Academic journal article Academy of Strategic Management Journal

Skill Deficiencies in Diversity and Inclusion in Organizations: Developing an Inclusion Skills Measurement

Academic journal article Academy of Strategic Management Journal

Skill Deficiencies in Diversity and Inclusion in Organizations: Developing an Inclusion Skills Measurement

Article excerpt


The benefits of diversity in a global economy are well recognized (Allen, Dawson, Wheatley, & White, 2008). Managing a diverse workforce is acknowledged as a business imperative yet challenges continue to exist. In order to maximize and leverage the benefits of 21st century workplace diversity, companies spend time and resources on diversity training, even though the

outcomes are often less than desired (Chavez & Weisinger 2008). If the organizational goal of embedding an inclusive environment is at odds with the values, behaviors, attitudes and feelings of its employees, then the goal will not be fully achieved. Because organizational members might not recognize the impact they have on others, there is a need to build their toolkit of inter-cultural competence in order to insure an inclusive environment. Such knowledge is essential in today's organizations.

While there has been a focus on organizational policies and procedures regarding diversity, less time has been spent on the "norms and values" involved in creating inclusiveness (Pless & Maak, p. 129). Indeed barriers are often created that make inclusion difficult to achieve (Pless & Maak, 2004). Despite the move in the practitioner literature from diversity to inclusion, Roberson (2006) indicates that "there is a critical difference between merely having diversity in an organization's workforce and developing the organizational capacity to leverage diversity as a resource"(p. 234). Inclusion, as conceputalized by Roberson, is distinctly different from diversity. Diversity focuses on the makeup of the population or the demographics, while inclusion encompasses involvement, engagement, and "the integration of diversity into organizational processes" (p. 228). Chavez and Weisinger (2008) also recognize the distinct difference between diversity and inclusion and view inclusion as an "attitudinal and cultural transformation" (p. 331). Lieber (2008) also stresses the importance of creating a supportive environment that is not only diverse but also respectful and inclusive.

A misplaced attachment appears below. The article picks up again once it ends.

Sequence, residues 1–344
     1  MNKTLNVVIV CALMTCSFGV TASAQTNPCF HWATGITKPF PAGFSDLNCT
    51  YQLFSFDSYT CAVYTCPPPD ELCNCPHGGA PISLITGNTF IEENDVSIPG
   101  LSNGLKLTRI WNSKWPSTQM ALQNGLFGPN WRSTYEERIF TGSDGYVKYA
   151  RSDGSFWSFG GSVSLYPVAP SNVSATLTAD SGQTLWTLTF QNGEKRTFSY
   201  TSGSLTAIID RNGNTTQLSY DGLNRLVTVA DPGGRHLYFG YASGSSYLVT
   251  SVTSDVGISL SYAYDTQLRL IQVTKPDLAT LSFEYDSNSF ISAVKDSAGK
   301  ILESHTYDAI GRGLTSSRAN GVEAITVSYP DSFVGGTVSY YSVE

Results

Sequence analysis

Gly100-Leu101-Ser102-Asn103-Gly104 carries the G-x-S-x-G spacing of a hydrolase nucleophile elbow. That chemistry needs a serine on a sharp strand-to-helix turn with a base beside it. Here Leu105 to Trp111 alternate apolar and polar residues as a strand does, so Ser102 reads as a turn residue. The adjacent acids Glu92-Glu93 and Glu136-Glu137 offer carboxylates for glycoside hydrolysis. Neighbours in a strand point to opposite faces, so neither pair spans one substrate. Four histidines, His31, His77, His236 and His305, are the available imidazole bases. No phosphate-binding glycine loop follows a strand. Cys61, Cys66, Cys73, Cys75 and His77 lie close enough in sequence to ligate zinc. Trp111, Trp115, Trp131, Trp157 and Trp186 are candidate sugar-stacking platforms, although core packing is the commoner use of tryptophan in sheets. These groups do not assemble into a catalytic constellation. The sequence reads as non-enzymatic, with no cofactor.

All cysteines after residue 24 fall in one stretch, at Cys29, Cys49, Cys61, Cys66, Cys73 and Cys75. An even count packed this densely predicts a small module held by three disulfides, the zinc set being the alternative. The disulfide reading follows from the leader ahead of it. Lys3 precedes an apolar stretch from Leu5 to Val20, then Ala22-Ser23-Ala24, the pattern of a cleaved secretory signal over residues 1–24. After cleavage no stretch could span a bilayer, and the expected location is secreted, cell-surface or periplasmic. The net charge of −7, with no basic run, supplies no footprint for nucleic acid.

While it is imperative to understand attitudes and perceptions of diversity (DeMeuse & Hostager, 2001) the next step in organizational diversity competence is identification of skills gaps and remediation, thus enabling individuals, teams and organizations to enhance their competence in this area. In order to accomplish these organizational outcomes an Inclusion Skills Measurement Profile (ISM) has been developed and will be validated. The purpose of the instrument is to fill this gap with the view to provide organizations with the insight and tools necessary to move diversity to the next level. It will provide feedback in seven areas: diversity sensitivity, integrity with difference, interacting with difference, valuing difference, team inclusion, managing conflict over difference, and embedding inclusion. It is designed to enable individuals and organizations to recognize the skills necessary to embed an inclusive environment and to identify the skills gaps that need to be addressed in order to ensure a high level of success and competence. If individuals within the organization give lip service to the goal of inclusion, speak from a politically correct frame of reference and yet do nothing to enhance their awareness, knowledge and skills when dealing with difference, they will ultimately be unable to embed an inclusive environment. Complex systems are intricate and change only when positive influences occur at multiple levels. The seven categories address such complexity and affect the organization at different levels: intra-personal, inter-personal, group, and organizational. The skills components need to embed an inclusive environment in an organizational context.

The development and validation of a complete instrument for identifying skill dificiencies in diversity and inclusion will take place in two phases. Once the instrument has been validated in the self assessment process in Phase One, the instrument testing process will be expanded. …

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